Not an April Fool’s post

Today I plan on writing a stored procedure. Not because I’m being forced to, but because the problem, as far as I can determine, requires a set-based solution. It’s a once-a-month process, doing bulk import, update and export of up to a million records, and it all needs to be completed within an hour or so.

There are some problems that simply work better using a set-based approach. As long as I have tests around the process, I don’t really have a problem creating a solution in SQL. I could try to use some of NHibernate’s DML capabilities, but frankly, they aren’t close to touching SQL’s featureset.

I think I’ve too often ditched previous approaches to how I’ve done software development in search of the One True Way, instead of evaluating when certain approaches work well, where they don’t, and choosing the best fit for the problem space.

About Jimmy Bogard

I'm a technical architect with Headspring in Austin, TX. I focus on DDD, distributed systems, and any other acronym-centric design/architecture/methodology. I created AutoMapper and am a co-author of the ASP.NET MVC in Action books.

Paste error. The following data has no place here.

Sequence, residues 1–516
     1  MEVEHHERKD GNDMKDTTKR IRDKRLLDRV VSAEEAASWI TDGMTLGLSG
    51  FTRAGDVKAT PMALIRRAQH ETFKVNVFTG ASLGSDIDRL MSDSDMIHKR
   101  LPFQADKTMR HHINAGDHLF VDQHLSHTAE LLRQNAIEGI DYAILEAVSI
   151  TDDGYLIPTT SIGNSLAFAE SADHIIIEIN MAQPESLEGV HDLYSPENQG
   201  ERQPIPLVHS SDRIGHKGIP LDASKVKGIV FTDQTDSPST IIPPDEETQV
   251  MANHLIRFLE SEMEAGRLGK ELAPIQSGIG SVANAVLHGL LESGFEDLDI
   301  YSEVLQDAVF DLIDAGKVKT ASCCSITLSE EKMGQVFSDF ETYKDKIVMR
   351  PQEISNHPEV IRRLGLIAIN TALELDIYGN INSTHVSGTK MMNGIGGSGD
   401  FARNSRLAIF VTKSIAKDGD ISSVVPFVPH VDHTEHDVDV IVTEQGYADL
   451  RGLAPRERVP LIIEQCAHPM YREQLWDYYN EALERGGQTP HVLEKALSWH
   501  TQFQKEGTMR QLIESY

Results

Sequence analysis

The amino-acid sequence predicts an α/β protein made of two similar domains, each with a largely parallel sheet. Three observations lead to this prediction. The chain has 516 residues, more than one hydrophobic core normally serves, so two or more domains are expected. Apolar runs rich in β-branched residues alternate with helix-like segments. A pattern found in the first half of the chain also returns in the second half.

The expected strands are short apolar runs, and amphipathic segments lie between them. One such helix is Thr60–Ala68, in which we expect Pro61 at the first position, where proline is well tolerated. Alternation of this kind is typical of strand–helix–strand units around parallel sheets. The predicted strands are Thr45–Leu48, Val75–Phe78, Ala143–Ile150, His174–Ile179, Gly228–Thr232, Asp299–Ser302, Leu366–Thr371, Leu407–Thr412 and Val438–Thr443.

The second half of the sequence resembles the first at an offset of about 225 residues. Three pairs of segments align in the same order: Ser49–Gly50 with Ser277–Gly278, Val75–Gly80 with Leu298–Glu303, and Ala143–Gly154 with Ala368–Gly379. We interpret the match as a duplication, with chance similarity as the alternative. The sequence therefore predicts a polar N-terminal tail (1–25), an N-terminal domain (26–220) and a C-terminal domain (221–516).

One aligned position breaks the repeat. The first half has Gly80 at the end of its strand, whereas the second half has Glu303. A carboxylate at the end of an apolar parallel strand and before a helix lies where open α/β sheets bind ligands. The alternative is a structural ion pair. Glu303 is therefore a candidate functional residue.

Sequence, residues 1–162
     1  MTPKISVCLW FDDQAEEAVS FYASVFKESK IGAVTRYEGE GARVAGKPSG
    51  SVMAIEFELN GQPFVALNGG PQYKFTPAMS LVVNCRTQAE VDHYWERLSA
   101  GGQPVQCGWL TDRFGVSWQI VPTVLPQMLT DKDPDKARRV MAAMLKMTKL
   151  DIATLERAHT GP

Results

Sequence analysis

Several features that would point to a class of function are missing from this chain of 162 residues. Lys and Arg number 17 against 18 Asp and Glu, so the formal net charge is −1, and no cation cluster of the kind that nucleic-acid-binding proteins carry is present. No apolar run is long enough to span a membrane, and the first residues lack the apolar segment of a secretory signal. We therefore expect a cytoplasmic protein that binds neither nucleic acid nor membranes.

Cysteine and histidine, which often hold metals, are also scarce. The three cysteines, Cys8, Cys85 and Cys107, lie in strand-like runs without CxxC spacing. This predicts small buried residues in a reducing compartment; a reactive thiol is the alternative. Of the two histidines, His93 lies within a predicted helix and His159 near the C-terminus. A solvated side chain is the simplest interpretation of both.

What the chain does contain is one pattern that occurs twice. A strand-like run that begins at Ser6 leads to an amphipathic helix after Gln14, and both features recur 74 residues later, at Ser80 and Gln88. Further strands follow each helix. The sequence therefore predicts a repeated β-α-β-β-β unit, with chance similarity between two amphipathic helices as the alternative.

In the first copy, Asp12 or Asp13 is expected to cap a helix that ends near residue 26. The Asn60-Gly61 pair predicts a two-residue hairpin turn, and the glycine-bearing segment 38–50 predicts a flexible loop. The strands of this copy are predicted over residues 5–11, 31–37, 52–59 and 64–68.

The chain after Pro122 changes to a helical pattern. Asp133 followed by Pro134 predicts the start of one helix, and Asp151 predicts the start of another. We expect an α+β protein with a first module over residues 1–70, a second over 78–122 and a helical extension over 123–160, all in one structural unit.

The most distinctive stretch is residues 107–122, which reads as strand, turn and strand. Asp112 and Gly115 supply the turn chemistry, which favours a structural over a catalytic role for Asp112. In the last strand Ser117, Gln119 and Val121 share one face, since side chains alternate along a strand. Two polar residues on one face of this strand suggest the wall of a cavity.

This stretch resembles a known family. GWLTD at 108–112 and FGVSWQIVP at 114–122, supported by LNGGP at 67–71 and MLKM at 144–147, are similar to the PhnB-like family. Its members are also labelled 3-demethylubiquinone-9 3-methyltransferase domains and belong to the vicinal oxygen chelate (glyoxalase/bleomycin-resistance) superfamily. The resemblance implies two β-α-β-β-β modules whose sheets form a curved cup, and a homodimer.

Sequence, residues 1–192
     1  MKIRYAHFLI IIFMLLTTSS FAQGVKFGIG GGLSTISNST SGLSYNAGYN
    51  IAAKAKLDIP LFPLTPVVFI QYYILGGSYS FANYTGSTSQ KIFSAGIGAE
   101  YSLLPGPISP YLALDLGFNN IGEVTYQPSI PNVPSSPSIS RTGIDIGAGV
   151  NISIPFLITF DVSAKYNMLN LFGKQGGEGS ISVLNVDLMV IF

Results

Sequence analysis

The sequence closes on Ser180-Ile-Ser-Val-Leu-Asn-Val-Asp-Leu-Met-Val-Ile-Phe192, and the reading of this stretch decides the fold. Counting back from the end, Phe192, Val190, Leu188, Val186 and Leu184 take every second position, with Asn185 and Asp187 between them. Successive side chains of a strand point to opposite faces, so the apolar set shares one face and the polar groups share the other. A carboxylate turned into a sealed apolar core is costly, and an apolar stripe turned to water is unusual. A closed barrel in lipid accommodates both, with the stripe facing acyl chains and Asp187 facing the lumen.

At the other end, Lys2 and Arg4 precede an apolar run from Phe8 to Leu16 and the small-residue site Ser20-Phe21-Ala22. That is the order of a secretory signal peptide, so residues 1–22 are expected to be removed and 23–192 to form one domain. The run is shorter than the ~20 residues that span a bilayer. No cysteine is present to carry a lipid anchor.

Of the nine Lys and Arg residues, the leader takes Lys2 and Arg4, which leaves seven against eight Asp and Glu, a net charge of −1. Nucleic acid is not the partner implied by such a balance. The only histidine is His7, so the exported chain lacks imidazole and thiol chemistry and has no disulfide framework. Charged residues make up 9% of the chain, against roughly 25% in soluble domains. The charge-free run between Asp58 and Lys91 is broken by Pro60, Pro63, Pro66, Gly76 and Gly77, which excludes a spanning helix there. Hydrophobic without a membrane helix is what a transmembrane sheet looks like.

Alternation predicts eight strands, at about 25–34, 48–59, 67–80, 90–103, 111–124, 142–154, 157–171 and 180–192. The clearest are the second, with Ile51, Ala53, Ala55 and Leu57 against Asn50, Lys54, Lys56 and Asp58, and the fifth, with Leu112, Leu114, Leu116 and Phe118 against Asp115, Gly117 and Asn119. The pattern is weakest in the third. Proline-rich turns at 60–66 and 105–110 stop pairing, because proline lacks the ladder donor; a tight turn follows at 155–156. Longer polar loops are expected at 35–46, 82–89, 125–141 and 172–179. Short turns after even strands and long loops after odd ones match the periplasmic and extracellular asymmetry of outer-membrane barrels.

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  • Steve

    I gave up on one true way many moons ago in favor of selecting the right tool for the job.

  • Indeed, there is no one true way. As my father (a hobby woodworker) always said, use the right tool for the job.

  • Carlos Ribas

    Trading the pursuit of the “One True Way” for the constant search for the “best fit in each case” is, IMO, a golden gate through which all software professionals should pass.

    As experienced as you are, Jimmy, I would bet you’ve passed through it before. We should work on making that a one-way gate!

    PS – The fact that “Not an April Fool’s post” is so funny on this blog entry is almost sad :)

  • Anonymous

    +1 to what everyone else said: “The right tool for the job”. very important lesson.

  • Somtimes i write integration tests in c# that test stored procedures using linq to sql or something with basic results-translation so I don’t feel so dirty using stored procedures.

  • HenningK

    That’s exaxtly what stored procedures are meant for. The only issue with SPs I have is that people tend to grossly overuse them for idiotic single-entity operations.